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Act I of Macbeth, examples of paradox, similie, metaphor, Doctrine of Correspondence,...

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jessneedsanswers | eNotes Newbie

Posted February 16, 2009 at 8:36 PM via web

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Act I of Macbeth, examples of paradox, similie, metaphor, Doctrine of Correspondence, literary allusion, and clothing imagry

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troutmiller | High School Teacher | (Level 2) Educator

Posted February 16, 2009 at 9:02 PM (Answer #1)

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An example of paradox is when the witches say, "Fair is foul, and foul is fair." Their statement says that what is seemingly good turns out to be bad.

And example of a simile is when the first witch says in sc. 3 that "Like a rat without a tail, I'll do, I'll do, and I'll do." She's comparing herself to a rat without a tail.

An example of a metaphor is when Banquo says in the same scene "If you can look into the seeds of time, and say which grain will grow and which will not." Grains and time are being compared--there are seconds and minutes in time, but not grains.

An example of Doctrine of Correspondence is when Lady Macbeth is addressing Macbeth and telling him how to act.  "To beguile the time, look like the time; bear welcome in your eye, your hand, your tongue: look like th' innocent flower, but be the serpent under 't."   She is using a tangible thing to explain something that is abstract.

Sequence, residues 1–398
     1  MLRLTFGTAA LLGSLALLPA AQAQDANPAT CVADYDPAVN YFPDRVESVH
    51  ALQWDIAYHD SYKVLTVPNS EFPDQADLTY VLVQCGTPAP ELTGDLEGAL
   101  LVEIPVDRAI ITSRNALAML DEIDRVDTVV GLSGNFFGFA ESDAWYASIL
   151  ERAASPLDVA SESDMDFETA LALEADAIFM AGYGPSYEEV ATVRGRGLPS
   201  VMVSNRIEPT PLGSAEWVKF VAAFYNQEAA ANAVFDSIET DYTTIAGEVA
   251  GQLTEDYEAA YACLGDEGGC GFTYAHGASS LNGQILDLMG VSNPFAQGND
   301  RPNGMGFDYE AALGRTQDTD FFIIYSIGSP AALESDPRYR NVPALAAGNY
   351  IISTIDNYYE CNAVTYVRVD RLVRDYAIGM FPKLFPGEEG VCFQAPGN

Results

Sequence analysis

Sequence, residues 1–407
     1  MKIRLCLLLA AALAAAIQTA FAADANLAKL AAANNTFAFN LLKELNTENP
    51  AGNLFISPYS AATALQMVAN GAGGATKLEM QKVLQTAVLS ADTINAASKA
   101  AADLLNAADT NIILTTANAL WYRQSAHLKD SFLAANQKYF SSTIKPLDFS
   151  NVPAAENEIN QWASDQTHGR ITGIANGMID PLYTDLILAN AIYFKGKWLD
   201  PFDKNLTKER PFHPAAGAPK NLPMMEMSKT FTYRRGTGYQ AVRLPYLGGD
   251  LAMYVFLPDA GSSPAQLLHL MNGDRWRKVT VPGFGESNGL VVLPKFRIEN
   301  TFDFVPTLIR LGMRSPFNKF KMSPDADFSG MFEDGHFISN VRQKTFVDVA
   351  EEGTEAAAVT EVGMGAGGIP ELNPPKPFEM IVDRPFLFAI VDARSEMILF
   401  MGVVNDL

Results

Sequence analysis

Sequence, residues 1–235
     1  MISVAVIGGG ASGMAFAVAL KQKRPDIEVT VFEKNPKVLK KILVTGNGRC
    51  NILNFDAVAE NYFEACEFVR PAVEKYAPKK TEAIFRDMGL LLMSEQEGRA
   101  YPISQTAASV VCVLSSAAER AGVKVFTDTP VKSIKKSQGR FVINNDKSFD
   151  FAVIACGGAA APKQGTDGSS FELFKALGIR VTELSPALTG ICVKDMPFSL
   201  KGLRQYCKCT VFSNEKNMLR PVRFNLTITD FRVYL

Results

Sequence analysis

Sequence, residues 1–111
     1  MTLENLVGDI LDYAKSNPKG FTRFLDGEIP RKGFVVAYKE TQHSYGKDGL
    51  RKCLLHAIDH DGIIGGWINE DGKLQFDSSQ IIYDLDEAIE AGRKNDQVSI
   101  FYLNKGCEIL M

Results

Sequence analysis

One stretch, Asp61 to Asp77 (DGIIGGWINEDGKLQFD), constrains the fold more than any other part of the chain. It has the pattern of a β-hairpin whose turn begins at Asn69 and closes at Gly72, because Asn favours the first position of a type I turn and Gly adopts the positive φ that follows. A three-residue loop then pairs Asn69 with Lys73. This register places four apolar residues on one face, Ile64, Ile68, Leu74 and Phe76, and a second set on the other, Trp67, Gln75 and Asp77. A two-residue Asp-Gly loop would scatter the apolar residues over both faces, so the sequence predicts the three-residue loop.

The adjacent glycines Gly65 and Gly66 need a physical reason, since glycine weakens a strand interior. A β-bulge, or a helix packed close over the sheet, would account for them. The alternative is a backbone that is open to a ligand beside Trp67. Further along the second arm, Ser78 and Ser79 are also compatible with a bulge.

An example of clothing imagery would be when Macbeth and Banquo approach the witches not knowing who or what they are.  "What are these so withered, and so wild in their attire, that look not like th' inhabitants o' th' earth, and yet are on't?"  This describes how they appear to the men.  Very crazy and unkempt.

I haven't found an allusion to use.  But the others are all examples for you.

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lukenanorn | Student, Undergraduate | eNotes Newbie

Posted October 14, 2009 at 7:49 AM (Answer #2)

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there is a lot of literary allusions in Macbeth. literary allusions are brief reference to a person, event, place, or phrase. The writer assumes will recognize the reference. For instance, most of us would know the difference between a mechanic's being as reliable as George Washington or as reliable as Benedict Arnold. Allusions that are commonplace for readers in one era may require footnotes for readers in a later time. , Scene i ... Graymalkin the grey cat, Paddock the toad, the first two believed witch helpers in the seventeenth - century. Golgotha,the place where Christ was crucified;Bellona, the goddess of war;St Colme's Inch, an island near Edinburgh, Scotland; the inserts of these names and places gives more vivid a picture of the ongoing scene, (the battle fought by Macbeth and Bonque rivaling that of Golgotha to be made into a memorable place.)

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